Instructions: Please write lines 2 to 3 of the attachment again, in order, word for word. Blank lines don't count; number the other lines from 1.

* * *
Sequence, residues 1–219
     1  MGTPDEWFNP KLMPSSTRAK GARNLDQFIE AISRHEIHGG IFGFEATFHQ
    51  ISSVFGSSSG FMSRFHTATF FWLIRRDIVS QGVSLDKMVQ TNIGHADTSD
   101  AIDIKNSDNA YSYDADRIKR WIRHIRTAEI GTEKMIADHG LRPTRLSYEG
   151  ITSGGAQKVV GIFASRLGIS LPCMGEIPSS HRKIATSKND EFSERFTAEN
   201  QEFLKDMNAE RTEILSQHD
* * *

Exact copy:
     1  MGTPDEWFNP KLMPSSTRAK GARNLDQFIE AISRHEIHGG IFGFEATFHQ
    51  ISSVFGSSSG FMSRFHTATF FWLIRRDIVS QGVSLDKMVQ TNIGHADTSD